Update 8 June. Some minor tweaks. Addition of the full reference for two papers mentioned.
Of course I would say that, wouldn’t I?! It’s the basis of ITNS and a new-statistics approach. But the latest issue of SERJ adds a little evidence that, maybe, supports my statement above. The article is titled Conceptual Knowledge of Confidence Intervals in Psychology Undergraduate and Graduate Students (Crooks, et al., 2019) and is on open access here.
Reading the paper prompted mixed feelings:
- I’m totally delighted to see this review and some new empirical work on the vital topic of how students, at least, understand CIs, and how teaching might be improved.
- Most of the previous research that is discussed is quite old, much of it 10 years or more, so dating from well before Open Science and the latest moves to ditch statistical significance. We need more research on statistical cognition and we need it now! Especially on estimation and CIs!
- Many of the papers from my research group are mentioned, but one fairly recent one was missed. Read about that one here (Kalinowski et al., 2018).
- The reported study is welcome, but the authors acknowledge that it is small (N=21 undergraduates, 19 graduate students). The undergrads had all experienced the same statistics course, and the grad students ditto.
- Therefore any conclusion can be only tentative. The authors concluded that, alas, general understanding of CIs was mediocre. In most respects, grad students did a bit better than undergrads (Phew!). Mentioning estimation tended to go with better appreciation of CIs; there was a hint that, perhaps, mentioning NHST went with less good understanding of CIs. But, as I mentioned, the samples were small and hardly representative.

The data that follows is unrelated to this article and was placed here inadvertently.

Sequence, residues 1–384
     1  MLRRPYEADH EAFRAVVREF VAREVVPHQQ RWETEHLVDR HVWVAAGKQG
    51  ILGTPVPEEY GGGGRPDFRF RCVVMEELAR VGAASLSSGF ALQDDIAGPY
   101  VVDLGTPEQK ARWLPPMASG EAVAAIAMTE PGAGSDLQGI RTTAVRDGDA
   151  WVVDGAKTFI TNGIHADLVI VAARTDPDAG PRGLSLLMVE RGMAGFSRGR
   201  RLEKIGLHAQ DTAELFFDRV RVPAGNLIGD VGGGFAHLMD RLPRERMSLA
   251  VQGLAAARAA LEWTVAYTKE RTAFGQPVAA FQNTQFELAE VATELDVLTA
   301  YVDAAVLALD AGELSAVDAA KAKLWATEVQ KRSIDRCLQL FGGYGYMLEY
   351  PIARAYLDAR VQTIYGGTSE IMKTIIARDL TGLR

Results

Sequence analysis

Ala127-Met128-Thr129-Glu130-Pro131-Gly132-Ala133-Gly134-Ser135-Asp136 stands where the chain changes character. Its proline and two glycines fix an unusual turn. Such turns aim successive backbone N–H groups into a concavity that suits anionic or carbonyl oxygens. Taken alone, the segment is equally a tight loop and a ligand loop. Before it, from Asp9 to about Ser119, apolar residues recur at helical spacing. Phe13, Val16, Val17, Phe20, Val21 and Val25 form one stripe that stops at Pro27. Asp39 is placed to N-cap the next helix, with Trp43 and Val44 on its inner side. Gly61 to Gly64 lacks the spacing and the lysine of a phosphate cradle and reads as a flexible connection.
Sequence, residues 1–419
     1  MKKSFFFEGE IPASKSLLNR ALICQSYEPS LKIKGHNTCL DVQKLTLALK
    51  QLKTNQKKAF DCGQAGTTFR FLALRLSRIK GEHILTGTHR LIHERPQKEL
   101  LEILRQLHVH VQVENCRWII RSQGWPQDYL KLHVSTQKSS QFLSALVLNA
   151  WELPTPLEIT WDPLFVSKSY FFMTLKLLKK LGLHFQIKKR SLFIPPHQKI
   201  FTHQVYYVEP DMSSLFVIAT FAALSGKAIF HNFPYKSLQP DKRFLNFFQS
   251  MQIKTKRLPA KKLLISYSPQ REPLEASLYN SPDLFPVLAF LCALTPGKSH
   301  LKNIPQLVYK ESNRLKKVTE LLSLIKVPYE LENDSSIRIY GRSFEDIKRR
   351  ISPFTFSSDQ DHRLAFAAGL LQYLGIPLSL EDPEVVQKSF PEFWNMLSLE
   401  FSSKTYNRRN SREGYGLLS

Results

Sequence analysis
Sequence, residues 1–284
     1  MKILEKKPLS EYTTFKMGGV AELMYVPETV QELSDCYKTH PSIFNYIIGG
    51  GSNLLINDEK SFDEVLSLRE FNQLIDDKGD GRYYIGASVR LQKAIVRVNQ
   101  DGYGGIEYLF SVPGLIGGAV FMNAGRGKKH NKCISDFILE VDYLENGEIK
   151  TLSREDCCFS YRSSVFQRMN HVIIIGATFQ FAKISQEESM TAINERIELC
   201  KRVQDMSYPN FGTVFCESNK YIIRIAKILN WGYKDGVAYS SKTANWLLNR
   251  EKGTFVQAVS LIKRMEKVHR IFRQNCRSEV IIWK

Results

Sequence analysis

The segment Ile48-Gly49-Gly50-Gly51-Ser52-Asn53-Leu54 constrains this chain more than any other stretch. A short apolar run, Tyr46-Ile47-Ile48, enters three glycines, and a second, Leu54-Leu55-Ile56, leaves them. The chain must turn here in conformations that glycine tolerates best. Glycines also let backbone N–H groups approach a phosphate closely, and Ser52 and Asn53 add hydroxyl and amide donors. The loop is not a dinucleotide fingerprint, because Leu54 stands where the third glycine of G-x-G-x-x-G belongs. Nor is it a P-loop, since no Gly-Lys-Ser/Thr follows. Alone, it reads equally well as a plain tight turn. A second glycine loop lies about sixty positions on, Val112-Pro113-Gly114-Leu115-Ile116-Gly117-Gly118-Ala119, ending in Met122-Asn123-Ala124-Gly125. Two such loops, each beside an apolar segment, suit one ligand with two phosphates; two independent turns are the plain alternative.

- The authors suggest, therefore, that teaching CIs along with an estimation approach is likely to be more successful than via NHST. I totally agree, even if only a little extra evidence is reported in this paper.
I’m delighted there are researchers studying CIs, estimation, teaching, and understanding. We do so need more and better evidence in this space. I look forward to some future version of ITNS being more strongly and completely evidence-based than we have been able to make the first ITNS. I’m confident that our approach will be strongly supported, no doubt with refinements and improvements. Bring that on! Meanwhile, enjoy using ITNS.
Crooks, N. M., Bartel, A. N., & Alibali, M. W. (2019). Conceptual knowledge of confidence intervals in psychology undergraduate and graduate students. Statistics Education Research Journal, 18, 46-62.
Kalinowski, P., Lai, J., & Cumming, G. (2018). A cross-sectional analysis of students’ intuitions when interpreting CIs. Frontiers in Psychology, 16 February. doi: 10.3389/fpsyg.2018.00112